According to Haight, the information revealed that most of the state’s pesticide use was in urban areas. This revelation was documented in three successive reports from 1997 to 1999 by NYPIRG, which all noted that pesticide use was the heaviest in densely populated downstate counties and in urban upstate counties. “It gave us a blurry snapshot about what [was] going on,” she said.

Haight also credited the data with helping to advance the posting of commercial applications through the Neighbor Notification Law of 2000.

FILING ERRORS

But there isn’t any data available after 2005, which DEC spokeswoman Emily DeSantis said was the result of repeated errors in the filings that were first noticed in 2008. She said errors can occur in a variety of ways, including the reporting of diluted quantities instead of undiluted quantities of products. Additionally, some companies list the same amount of application for every address, when the amount should vary depending on the size of the property, and in other instances the quantity reported can be vague, such as “a big bag or a large can.”

“Through our quality assurance process, we discovered numerous errors in the 2006 data as well as the data submitted for subsequent years,” DeSantis said in an email exchange. “We reached out to the companies and are working with them to get the data corrected.”

Another reason for the errors, said NYPIRG’s Haight, is the result of the filing process, which isn’t required to be done via electronic submission. She said the transition process is where the mistakes happen and noted that it is costly to the state, as it is outsourced to a foreign country. Since the program’s inception in 1997, the data conversion process alone has cost the state more than $7 million.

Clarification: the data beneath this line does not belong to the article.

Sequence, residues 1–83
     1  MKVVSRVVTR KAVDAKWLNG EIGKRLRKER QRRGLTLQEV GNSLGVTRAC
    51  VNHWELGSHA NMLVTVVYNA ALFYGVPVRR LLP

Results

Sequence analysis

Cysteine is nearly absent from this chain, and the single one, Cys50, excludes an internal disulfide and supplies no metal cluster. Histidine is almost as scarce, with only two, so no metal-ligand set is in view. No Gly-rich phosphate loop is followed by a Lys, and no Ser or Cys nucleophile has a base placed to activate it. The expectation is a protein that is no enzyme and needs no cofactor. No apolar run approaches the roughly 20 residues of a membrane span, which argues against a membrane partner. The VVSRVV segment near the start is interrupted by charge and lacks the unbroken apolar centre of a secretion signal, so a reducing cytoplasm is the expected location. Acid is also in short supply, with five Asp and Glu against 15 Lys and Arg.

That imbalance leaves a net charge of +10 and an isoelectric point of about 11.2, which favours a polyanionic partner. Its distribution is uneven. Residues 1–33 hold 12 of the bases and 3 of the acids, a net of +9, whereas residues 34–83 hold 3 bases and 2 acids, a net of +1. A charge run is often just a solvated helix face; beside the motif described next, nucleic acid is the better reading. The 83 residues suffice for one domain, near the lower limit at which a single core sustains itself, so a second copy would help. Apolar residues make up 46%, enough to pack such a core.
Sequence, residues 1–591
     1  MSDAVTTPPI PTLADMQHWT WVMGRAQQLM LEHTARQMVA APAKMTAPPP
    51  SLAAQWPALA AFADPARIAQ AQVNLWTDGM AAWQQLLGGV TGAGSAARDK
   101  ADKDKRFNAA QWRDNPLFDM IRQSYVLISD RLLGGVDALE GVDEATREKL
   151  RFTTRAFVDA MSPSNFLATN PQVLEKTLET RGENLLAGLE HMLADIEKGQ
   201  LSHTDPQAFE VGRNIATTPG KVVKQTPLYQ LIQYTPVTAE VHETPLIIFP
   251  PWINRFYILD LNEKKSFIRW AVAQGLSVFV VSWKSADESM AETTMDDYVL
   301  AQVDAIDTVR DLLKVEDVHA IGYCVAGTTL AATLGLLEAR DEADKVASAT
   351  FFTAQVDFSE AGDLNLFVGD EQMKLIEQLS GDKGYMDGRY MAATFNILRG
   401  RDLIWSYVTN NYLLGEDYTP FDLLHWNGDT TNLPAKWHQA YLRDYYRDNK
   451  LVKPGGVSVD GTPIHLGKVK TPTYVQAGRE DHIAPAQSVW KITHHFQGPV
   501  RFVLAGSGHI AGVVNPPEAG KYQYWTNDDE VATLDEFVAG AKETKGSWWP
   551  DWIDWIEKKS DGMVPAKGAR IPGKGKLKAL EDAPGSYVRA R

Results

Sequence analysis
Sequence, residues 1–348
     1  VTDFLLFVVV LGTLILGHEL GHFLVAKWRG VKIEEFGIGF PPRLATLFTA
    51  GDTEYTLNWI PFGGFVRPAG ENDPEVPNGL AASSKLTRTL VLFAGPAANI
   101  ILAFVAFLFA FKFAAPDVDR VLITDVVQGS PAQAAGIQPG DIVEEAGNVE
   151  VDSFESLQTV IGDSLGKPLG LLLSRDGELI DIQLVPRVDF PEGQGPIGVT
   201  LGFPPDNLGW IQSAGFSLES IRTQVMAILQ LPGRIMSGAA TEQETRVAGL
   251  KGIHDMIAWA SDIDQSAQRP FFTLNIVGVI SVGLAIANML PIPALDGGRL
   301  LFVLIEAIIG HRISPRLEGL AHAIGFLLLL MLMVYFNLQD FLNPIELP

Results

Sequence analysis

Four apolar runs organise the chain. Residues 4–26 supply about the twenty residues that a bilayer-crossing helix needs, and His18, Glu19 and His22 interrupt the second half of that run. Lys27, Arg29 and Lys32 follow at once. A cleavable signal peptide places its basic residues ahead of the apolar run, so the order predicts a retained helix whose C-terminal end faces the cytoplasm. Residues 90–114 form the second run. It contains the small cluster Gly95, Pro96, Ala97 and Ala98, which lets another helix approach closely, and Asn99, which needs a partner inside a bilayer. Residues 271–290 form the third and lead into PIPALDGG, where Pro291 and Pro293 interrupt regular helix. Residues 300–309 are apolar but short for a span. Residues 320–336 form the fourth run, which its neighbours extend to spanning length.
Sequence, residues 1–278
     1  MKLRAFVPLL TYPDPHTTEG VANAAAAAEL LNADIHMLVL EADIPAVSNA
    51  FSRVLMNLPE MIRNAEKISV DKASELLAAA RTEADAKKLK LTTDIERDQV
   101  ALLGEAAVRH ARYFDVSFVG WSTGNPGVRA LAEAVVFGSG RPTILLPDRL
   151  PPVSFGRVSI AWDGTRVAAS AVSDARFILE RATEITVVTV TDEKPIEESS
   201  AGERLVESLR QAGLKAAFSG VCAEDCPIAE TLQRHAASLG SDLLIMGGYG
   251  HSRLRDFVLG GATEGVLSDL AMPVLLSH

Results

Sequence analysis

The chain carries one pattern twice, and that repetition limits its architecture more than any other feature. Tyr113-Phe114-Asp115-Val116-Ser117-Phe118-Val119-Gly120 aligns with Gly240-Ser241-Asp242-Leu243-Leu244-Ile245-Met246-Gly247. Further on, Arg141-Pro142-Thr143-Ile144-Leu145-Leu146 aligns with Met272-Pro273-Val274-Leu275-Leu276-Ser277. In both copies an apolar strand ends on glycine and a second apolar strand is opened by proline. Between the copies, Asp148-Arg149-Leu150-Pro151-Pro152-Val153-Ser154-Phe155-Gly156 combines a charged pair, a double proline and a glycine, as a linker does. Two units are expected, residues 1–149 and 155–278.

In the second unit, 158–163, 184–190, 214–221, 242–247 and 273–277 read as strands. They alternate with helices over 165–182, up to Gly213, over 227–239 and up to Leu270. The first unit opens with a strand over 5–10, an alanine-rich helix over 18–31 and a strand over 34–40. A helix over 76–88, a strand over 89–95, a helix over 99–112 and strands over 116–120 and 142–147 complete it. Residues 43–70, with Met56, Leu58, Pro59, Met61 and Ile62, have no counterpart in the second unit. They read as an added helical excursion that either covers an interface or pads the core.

The idea of a flawed conversion process was rejected by Robert Warfield, assistant project manager for the Pesticide Sales and Use Reporting Database Group that is run by Cornell University and works with the DEC on this issue. He said that a bulk of their data is filed electronically and the remaining paper submissions are converted effectively by workers in China. “They do a good job. A very good job as a matter of fact,” he said.

There are problems with submissions, though, with Warfield acknowledging that every year there are repeat offenders who don’t file correctly. Describing the filing process as nine basic columns of information, he said filers will leave out one of the mandatory categories, such as the ZIP code or county.

“There are people we have to go back to time and time again,” Warfield said. “It’s kind of a learning curve.”